Changes coming to Central Park area

Apr. 19, 2014 @ 08:30 PM

The redevelopment of Liberty Warehouse into apartments with ground-floor shops may be just the beginning of new development in the Durham Central Park area.

Potential developers are looking into buying other properties and buildings in the area, and additional business owners also are looking to set up shop in the lively district.
The area around Foster Street, Geer Street and Rigsbee Avenue is already home to the Durham Farmers’ Market at the Durham Central Park Pavilion, Fullsteam Brewery, Motorco Music Hall, Cocoa Cinnamon, King’s Sandwich Shop, the restaurant and bar Geer Street Garden, and multiple bars.
To add to the mix, the owners of The Blue Note Grill, a barbecue and rib restaurant that has live blues, bluegrass, rockabilly and other music each night on Durham-Chapel Hill Boulevard, has signed a lease to relocate to two bays of a building on Washington Street near the Durham Athletic Park.
Blue Note owners Bill and Andrea Whittington are planning to redevelop 709 and 711 Washington St. into a restaurant and live-music venue with a quick-service eating area, a dining area with a stage, and an outdoor patio with views of the old ballpark.
Also in the mix is Tyler Huntington, the founder of Tyler’s Restaurant & Taproom. He’s planning to open a distillery and event space in a former tobacco auction warehouse at 609 Foster St. Interior demolition is already underway, he said, and construction is expected to begin in earnest within weeks. He hopes to have the business open in the fall.
And there’s more. The owner of the Motorco property at 723 Rigsbee Ave., New York-based urban designer Alex Washburn, said that while he hasn’t solidified his plans, he is gearing up to redevelop the property. He said that means he’s starting to do architectural studies and to look into urban design issues for the project.
“For me this is something of a chance to understand how a neighborhood could grow and not just maintain its character, but get even better,” Washburn said. “What I’m hoping is that the place stays vital and creative in way that is unique. It’s not just unique for Durham; it’s unique for the country and frankly for a lot of the cities around the world that I’ve seen. This is something special. Hopefully there will be a mix of exiting and new.”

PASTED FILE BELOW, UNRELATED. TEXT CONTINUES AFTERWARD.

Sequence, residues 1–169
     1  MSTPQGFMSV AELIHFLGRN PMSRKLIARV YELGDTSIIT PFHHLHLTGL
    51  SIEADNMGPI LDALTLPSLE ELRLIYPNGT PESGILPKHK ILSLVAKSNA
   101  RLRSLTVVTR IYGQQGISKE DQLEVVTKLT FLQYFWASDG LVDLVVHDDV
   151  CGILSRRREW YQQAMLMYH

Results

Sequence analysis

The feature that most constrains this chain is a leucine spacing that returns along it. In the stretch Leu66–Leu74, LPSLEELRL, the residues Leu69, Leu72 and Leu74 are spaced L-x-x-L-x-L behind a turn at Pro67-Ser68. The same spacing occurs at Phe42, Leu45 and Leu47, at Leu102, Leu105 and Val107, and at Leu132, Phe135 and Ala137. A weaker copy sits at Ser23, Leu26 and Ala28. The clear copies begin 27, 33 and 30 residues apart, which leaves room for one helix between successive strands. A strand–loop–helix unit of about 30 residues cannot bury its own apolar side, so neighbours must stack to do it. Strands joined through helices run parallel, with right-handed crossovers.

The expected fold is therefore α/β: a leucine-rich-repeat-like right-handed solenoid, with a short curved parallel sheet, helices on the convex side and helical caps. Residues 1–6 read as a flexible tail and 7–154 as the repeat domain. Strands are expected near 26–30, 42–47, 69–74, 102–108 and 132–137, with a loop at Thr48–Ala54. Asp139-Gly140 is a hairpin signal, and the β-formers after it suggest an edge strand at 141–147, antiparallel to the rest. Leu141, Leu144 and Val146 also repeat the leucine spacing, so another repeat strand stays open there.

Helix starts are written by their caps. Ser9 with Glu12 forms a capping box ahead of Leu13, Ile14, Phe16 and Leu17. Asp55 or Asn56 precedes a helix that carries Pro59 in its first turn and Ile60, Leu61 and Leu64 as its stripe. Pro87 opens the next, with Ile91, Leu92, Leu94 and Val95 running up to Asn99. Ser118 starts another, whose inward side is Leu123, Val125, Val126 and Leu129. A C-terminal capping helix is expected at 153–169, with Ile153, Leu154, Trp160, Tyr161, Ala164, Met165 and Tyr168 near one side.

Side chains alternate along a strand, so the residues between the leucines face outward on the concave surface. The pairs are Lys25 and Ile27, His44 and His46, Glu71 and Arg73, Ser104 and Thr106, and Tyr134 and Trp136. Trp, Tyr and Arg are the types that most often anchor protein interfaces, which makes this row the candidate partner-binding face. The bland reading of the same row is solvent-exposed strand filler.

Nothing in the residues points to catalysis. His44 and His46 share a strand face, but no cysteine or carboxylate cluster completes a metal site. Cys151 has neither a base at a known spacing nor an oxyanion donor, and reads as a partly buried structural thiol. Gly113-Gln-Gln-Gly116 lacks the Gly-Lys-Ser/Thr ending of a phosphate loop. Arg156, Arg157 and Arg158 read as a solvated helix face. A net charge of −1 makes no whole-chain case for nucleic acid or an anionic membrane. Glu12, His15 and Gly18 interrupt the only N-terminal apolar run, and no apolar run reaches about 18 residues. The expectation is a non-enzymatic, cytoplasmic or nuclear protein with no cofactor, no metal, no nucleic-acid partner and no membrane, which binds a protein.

In addition to the possible redevelopment of that site, Denny Clark, the owner of property between Durham Central Park and Corporation Street, said a developer has an option on three pieces of land that includes vacant tracts and property with a building at 539 Foster St. In an email, Clark declined to say what the potential buyer is planning.
Also, at the back door to Durham Central Park, a potential condo developer has an option on property at 400 E. Hunt St., according to Hank Scherich, the president of the Durham-based educational assessment firm Measurement Inc., whose real estate arm owns the property.
Scherich said he thinks it may be time for condos to be built in downtown Durham. There are apartments under construction downtown and elsewhere in the city, but there’s been “virtually no condos built” in Durham in recent years, he said.
“We’ve been encouraging development on this side of town,” he added. “I think this area in the long run has the potential for being the next American Tobacco kind of development in Durham.”
And finally, a building at 619 Foster St. is under contract to sell to a partnership that includes Alston Gardner, a member of the University of North Carolina at Chapel Hill Board of Trustees and a founder and a partner at an Atlanta-based private equity firm. He’s working in partnership with his sister, Lucy Stokes. The building houses existing businesses including the energy efficiency company Green Horizon.
They could close on the property as early as May, Gardner said, but don’t plan to launch any redevelopment in the short term. They’re planning to redevelop the site eventually, and have considered renovating of the building as it is, as well as building a new mixed-use, retail or residential project.
Gardner said he believes there is more demand for residential development in that area, but also cautioned that “nobody’s going to do much” there without more parking.
“Parking is a real premium there,” he said. “That changes the economics of any project you do. The city’s going to probably have to pony up and have to help with some kind of parking structure in that area.”
Larry Tilley is the owner of Acme Plumbing & Heating Co., a business that’s been on Foster Street since 1984, when Tilley said property was cheap there.
“Now a plumbing business is in the hippest part of Durham,” Tilley said. “There’s pressure to develop or to sell. I assume that we’ll do that sometime in the not-too-distant future, but I don’t have any kind of deal at this point in time.”
Tilley said he’s positive about development in the area as long as it maintains what “makes it cool” with businesses like Geer Street Garden, Motorco, and Fullsteam.
“If we were to come in here and knock everything down and put in a Disneyland kind of place – I don’t think that’s what Durham wants,” he said. “We just need to keep it funky; keep it dirty,” he said.